In order to feel love we have to be willing. We have to allow our minds to be willing to expand whatever belief structures that would first condemn us, into something more accepting of the mystery. The experience of pain is not without love, it is just with pain, discomfort, agitation, and the unknown. The beauty of the mystery is that it is a mystery. If we can separate ourselves from ideas of good and bad we can set the stage for experience, experience of multitudinous circumstance, for that is primarily what life is. If we can not try to force ourselves into belief structures that confine nature to limited intelligence we permit ourselves more room to be with nature as nature is, mysterious, powerful, elegant and messy, and surprisingly intelligent. When we recognize the mind for what it is and take the time to step away from its rules and into the spaciousness of our hearts we permit ourselves that much more room to know what beats us all, without condition, in the presence of all circumstances. When we uncondition our minds we uncondition our hearts.

As a side note, we all walked through the fire with my mother on her journey with cancer. It was many things from harrowing, to heartbreaking, and everything in between. She is on the green side of health again and for this we are all grateful. In the wake of this journey more than ever before I am reminded the love is at the heart of it all. To love ourselves in the company of our misfortunes is a great trial and great teacher. To love others in the company of their fear, anguish, frailty, and imperfections, is much the same. And to let oneself be loved by the unknown rather than condemned by it in the midst of such a journey is the great soother, peacemaker, and solace we all get to know if we choose.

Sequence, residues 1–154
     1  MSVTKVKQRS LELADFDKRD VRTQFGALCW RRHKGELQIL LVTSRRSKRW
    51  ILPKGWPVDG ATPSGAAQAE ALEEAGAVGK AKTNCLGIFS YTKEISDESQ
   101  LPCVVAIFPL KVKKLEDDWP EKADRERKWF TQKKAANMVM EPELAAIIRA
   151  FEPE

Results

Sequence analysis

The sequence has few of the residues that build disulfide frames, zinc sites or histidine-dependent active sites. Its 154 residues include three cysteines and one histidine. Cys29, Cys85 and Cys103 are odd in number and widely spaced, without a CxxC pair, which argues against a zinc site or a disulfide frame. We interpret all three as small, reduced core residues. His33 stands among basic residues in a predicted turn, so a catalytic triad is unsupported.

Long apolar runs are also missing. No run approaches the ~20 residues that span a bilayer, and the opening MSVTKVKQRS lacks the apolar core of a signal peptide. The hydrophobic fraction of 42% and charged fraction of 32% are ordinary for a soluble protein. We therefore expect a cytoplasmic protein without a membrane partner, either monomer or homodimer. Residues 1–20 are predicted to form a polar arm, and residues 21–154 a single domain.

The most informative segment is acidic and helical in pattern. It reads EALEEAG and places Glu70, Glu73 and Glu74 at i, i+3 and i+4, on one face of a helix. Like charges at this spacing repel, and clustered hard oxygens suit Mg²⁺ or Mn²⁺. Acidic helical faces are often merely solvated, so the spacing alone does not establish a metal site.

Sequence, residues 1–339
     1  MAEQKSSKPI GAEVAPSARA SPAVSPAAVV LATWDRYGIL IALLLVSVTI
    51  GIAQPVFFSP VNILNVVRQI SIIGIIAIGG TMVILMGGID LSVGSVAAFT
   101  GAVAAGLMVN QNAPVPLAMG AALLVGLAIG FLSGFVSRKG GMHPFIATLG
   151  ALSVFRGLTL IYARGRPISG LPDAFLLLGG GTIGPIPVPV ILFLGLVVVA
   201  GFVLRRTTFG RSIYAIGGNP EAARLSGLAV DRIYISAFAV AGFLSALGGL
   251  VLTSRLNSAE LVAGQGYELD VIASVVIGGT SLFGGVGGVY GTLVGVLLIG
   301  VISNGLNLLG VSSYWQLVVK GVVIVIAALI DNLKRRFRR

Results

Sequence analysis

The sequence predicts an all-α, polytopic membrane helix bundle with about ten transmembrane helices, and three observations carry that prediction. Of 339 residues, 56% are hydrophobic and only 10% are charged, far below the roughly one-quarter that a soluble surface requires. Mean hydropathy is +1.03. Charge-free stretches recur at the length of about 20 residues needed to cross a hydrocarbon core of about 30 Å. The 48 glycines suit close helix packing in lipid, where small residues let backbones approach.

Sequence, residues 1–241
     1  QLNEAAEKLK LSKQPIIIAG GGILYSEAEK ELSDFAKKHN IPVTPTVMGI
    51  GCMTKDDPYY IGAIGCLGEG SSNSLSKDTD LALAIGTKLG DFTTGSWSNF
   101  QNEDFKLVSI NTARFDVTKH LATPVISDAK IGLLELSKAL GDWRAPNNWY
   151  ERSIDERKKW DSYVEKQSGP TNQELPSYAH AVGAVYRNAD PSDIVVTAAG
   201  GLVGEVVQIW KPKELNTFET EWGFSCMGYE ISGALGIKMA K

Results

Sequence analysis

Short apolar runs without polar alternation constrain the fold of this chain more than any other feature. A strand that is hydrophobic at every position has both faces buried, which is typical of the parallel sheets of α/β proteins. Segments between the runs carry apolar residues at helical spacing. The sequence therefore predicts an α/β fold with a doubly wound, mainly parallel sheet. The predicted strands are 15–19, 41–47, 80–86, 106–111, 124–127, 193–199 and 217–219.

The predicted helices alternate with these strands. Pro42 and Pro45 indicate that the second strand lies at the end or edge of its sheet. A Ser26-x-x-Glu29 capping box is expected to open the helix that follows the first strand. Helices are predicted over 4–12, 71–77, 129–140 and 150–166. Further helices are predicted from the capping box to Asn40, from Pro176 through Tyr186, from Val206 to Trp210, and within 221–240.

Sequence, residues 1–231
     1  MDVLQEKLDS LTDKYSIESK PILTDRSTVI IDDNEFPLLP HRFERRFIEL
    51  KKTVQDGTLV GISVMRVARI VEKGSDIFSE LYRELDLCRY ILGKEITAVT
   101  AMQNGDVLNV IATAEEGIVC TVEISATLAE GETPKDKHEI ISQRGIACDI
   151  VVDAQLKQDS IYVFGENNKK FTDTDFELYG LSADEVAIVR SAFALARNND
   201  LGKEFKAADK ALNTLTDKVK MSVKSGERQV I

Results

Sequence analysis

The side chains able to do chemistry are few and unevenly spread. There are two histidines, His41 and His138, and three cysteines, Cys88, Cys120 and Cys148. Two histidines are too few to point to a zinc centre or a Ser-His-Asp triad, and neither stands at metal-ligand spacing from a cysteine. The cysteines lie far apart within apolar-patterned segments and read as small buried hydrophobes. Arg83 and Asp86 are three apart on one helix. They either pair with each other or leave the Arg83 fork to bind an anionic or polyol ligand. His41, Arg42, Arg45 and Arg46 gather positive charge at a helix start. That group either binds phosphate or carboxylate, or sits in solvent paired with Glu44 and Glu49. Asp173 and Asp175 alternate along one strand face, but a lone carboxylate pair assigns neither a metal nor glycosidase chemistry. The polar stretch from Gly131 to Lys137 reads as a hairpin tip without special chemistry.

With Love, always, in all ways, for giving, in joy,


With Love

            What’s the motive? Such a wonderful and often profound question to ask oneself or others. In any action, circumstance, desire, what propels it? If we want to truly love without conditions this question must be at the heart of our journey.

            Loving without condition is not loving without boundary or safeguards, but it is loving without motive to receive or change. In yoga this is known as the practice of Bhakti. Bhakti is loving the divine source for the sake of loving, and serving that source for the love of it. Not for the reward of spiritual enlightenment, assured prestige in the everlasting, or perfection in the human form. Rather Bhakti Yoga is pure and reverent arising from the purest state of awe.

            Every time we are loved without feeling bound to some obligation we are graced with the divine that is the nature of love. This is the heart of love. Love without obligation or bais, motive or reward. Love for the sake of love.

            When we approach loving for the sake of loving we are in the purity of motive that is the grace of Bhakti. The Narada Bhakti Sutra’s teach that in attaining the heart space of bhakti a person does become perfected, immortal, and content, but paradoxically this is not a result of selfish motive, because pure bhakti cannot arise from selfish means. So how does one get there?




Sukha-duhkhecca-labhadityakte kale pratiksamanae

Ksanarddham-api vyartham na neyam

Relinquishing happiness, dissatisfaction, self-centered willfulness, worldly gain, and so on, when there is attentive awareness in every moment, not even half an instant should be passed uselessly.

            In gaining awareness of our motives we can ultimately control our desires. The pursuit of which must be endured with every passing and fleeting moment. The reward of which is the luscious sweetness of the ambrosia of love, without condition, without motive, without desire for reward. From bhakti awareness arises the motive to serve in bhakti, to serve in love.